Homeowners in their later years may have to find cash from equity release to pay for carers to visit them in their own property.
As part of new care rules, owners may be expected to pay for carers in their homes for the first time.
Currently, pensioners pay for long-term care if they move to a residential home and have assets of more than Â£23,750.
Under the new charges, health secretary Andrew Lansley proposes everyone should pay for care, wherever they live.
The change is part of a draft for a new white paper due to be published in April.
Under the recent Dilnot Report, which won wide support from consumer groups and politicians, the suggestion was those receiving long term care should be means-tested and should pay up to Â£35,000 for their care.
This could mean homeowners would have to release equity to pay for care costing up to Â£35,000.
Many homeowners feel this is unfair because social housing tenants and those without enough equity to raise the cash would still receive support from the government.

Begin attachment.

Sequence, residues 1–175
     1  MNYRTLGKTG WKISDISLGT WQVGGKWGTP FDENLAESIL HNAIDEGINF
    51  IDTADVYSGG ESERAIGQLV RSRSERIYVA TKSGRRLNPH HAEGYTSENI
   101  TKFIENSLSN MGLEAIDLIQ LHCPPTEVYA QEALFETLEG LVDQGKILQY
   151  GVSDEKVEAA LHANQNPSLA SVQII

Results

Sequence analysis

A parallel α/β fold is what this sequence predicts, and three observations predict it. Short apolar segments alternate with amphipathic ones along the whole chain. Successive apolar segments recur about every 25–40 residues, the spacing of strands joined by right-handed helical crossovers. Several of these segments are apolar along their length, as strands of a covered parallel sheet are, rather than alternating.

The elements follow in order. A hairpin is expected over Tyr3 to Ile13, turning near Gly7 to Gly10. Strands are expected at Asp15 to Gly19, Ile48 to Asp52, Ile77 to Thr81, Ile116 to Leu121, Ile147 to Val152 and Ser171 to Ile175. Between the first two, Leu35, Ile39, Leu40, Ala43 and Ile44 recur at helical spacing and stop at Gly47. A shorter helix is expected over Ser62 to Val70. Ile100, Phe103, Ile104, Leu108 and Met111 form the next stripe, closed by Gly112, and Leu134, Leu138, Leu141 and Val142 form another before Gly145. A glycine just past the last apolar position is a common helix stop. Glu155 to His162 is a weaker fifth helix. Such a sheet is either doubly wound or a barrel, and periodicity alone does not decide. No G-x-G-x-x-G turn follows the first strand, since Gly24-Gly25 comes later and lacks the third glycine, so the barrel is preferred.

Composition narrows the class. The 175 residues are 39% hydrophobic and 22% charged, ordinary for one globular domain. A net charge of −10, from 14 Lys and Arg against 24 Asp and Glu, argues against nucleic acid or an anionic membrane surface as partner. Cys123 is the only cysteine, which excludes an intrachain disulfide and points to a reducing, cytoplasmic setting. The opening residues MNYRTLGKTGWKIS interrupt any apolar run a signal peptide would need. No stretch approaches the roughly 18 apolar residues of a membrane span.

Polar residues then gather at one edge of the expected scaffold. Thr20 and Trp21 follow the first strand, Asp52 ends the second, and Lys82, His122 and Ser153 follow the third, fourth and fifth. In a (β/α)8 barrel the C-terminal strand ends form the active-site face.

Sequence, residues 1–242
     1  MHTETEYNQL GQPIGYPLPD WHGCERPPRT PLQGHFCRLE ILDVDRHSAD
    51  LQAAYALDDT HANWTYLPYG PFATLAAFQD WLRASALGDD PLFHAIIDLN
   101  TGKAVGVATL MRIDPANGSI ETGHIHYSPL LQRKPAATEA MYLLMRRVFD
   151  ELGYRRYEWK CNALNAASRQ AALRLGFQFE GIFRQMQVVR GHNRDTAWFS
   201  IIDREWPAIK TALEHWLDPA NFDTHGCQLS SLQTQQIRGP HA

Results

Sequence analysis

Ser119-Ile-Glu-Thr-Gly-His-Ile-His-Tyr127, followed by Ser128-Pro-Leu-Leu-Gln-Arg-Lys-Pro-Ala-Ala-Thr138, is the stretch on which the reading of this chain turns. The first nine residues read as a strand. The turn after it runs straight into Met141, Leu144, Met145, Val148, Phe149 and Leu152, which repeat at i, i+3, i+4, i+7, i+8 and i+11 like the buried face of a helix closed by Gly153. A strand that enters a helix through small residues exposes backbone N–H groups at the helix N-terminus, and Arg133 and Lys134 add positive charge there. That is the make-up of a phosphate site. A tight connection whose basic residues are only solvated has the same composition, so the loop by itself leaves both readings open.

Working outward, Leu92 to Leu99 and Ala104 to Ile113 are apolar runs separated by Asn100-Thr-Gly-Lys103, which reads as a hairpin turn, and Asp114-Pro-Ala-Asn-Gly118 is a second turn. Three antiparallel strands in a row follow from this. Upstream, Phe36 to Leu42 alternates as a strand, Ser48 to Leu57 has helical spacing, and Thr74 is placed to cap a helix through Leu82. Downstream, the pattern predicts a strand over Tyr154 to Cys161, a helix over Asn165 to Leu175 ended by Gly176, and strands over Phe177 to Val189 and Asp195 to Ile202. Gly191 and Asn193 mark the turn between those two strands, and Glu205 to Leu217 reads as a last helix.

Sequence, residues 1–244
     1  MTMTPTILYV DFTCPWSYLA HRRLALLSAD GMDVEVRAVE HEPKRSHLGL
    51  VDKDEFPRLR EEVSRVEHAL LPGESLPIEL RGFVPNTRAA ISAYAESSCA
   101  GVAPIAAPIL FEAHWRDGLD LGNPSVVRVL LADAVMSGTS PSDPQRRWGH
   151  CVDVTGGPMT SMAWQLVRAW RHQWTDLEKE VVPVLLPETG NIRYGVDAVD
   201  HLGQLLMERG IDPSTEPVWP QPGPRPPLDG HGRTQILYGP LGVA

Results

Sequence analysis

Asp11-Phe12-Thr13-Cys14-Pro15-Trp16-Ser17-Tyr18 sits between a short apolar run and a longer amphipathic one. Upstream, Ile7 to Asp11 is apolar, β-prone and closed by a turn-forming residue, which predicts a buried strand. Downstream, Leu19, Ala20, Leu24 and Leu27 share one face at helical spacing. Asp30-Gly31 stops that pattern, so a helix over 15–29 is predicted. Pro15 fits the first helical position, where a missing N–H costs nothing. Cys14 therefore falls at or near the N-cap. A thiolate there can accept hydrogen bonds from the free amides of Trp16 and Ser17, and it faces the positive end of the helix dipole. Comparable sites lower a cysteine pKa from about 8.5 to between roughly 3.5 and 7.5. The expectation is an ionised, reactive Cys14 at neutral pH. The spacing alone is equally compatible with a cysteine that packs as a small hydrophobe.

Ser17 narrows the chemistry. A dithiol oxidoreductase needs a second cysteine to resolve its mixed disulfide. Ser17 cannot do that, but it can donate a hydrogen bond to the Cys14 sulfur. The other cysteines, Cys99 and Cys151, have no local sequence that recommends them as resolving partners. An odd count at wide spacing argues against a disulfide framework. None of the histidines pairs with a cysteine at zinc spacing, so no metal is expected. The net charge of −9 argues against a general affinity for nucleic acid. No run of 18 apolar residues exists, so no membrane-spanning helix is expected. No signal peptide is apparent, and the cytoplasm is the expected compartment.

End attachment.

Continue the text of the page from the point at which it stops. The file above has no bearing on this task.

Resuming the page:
The government is concerned that the Dilnot recommendations would cost at least Â£1.7 billion to implement and that the proposed scheme is too generous in times of rising costs.
The health secretary is lobbying for cross-party support for the white paper by discussing his proposals with Labour.
Equity release lets homeowners in their later years draw cash from the value of their home to fund living costs and expenses.
Homeowners can either take a lump-sum or draw down against an agreed sum of money.
The loan and any interest due is clawed back from the value of the home when sold â€“ which is either when the owner dies or moves in to long-term care.
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